Half the World — one woman’s story

This is part two of a two-part post.  If you are reading this without first having read “Half the World — setting the scene,” please read that posting first to set the scene.

Now that we know where Meerwala is located in Pakistan, we can zoom in a bit.  On this scale, it’s about half a mile from one end of the map to the other.  Meerwala is not a large village.

These next paragraphs are from pages 70-71 of Half the Sky.  The chapter is titled “Mukhtar’s School” and I highly recommend the entire book.


The book goes on to describe how Mukhtar, her voice muffled by her scarf, started talking about how the best way to overcome the attitudes that led to her rape was to spread education.

The rest of her story is fascinating and inspiring (go get the book — it’s in the Durham Public Library), and includes Mukhtar taking a trip to the United States to publicize issues of women’s rights, including education.  The Pakistani government did not want his country to be known for barbaric rapes, so it did whatever it could to silence Mukhtar.  For example, in 2005, to put pressure on Mukhtar, the local Pakistani courts released five of the six men convicted of the rape, and commuted the sentence of the sixth from death to life in prison.

The pressure turned Mukhtar into a celebrity, and that explains how she became Glamour’s “Woman of the Year” in 2005.

Here’s one more excerpt from Half the Sky (top of page 74):

So again, getting into the head of an average sixth grader reading about this story, most students won’t know where those big cities are in Pakistan — Islamabad, Karachi, Lahore.  But it’s easy enough to use Google Earth to find those cities, label them (in pink so they stand out), and add more context to our view of Pakistan, a country with a population of about 170 million people.

Nick Kristof wrote several columns about Mukhtar for the New York Times, and those columns, according to the book, resulted in $430,000 in contributions.

Here’s one sampling of a follow-up column from Nick Kristof’s blog.

Now, to get more context, I just ran this search:

And I learned that although the news in 2002 was that the rapists would get the death penalty, those rapists appealed their sentence, and five of them were released in 2005 (as noted above, this release was in part to put pressure on Mukhtar Mai).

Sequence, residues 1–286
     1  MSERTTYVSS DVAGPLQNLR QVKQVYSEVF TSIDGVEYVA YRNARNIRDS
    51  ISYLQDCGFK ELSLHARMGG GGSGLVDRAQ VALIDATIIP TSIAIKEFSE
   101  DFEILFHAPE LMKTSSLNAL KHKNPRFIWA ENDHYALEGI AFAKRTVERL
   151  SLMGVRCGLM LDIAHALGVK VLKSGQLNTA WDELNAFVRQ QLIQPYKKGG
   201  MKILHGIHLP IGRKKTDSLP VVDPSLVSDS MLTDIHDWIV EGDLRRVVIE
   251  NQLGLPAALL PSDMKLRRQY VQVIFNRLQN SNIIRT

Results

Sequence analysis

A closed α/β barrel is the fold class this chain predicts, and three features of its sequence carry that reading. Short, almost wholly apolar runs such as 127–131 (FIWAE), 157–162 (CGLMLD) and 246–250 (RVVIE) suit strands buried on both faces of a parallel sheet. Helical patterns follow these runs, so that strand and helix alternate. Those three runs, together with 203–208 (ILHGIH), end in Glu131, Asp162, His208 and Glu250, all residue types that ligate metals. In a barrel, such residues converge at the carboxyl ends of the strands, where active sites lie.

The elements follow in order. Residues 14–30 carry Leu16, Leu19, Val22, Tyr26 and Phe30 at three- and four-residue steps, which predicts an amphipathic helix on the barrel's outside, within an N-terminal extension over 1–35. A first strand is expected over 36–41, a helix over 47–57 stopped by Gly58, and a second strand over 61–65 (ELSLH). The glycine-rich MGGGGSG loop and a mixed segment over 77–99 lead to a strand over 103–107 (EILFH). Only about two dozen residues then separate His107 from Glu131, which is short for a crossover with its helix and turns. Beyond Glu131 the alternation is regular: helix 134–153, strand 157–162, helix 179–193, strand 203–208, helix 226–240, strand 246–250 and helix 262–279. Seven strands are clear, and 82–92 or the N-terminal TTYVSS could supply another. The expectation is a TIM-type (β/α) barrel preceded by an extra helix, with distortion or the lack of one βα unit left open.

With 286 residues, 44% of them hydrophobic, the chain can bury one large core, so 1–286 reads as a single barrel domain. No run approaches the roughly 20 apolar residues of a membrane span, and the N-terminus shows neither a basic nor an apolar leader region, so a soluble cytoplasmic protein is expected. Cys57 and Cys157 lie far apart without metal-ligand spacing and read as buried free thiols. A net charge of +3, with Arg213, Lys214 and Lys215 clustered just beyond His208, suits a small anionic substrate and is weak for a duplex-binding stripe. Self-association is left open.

If we click on the top result from the search above, we learn that in April of 2011, the Supreme Court of Pakistan looked at the case, and it concluded that the men had to be released.

Now it may be that there was not sufficient evidence to convict the men of the rape (though I tend to trust Nick Kristof’s and Sheryl WuDunn’s reporting more than I trust the Pakistani justice system), and I’m confused about how the men were released in 2005 and then apparently held again somehow so that they could be released again this April by the Supreme Court — but the point is that this is a complex story and we can’t talk about it with middle school students for 15-20 minutes and think that we’ve “covered” current events, so now we can get back to the regularly scripted curriculum.

The world should be the curriculum.  And we’ve used our time well by starting to engage with Mukhtar Mai’s story in a serious and thoughtful way that raises all sorts of issues.

To further complicate the story, here’s a picture of Mukhtar Mai from that same article — she’s pictured on the right, along with her new husband and his first wife (Mukhtar chose to be his second wife).

As Half the Sky notes, Muhktar’s marriage to a policeman in 2009 who already had a wife made her “an odd emblem of women’s rights.”  However, the book also notes that “the marriage proceeded only after the first wife convinced Mukhtar that this was what she genuinely wanted.  It was another unusual chapter in an unusual life.”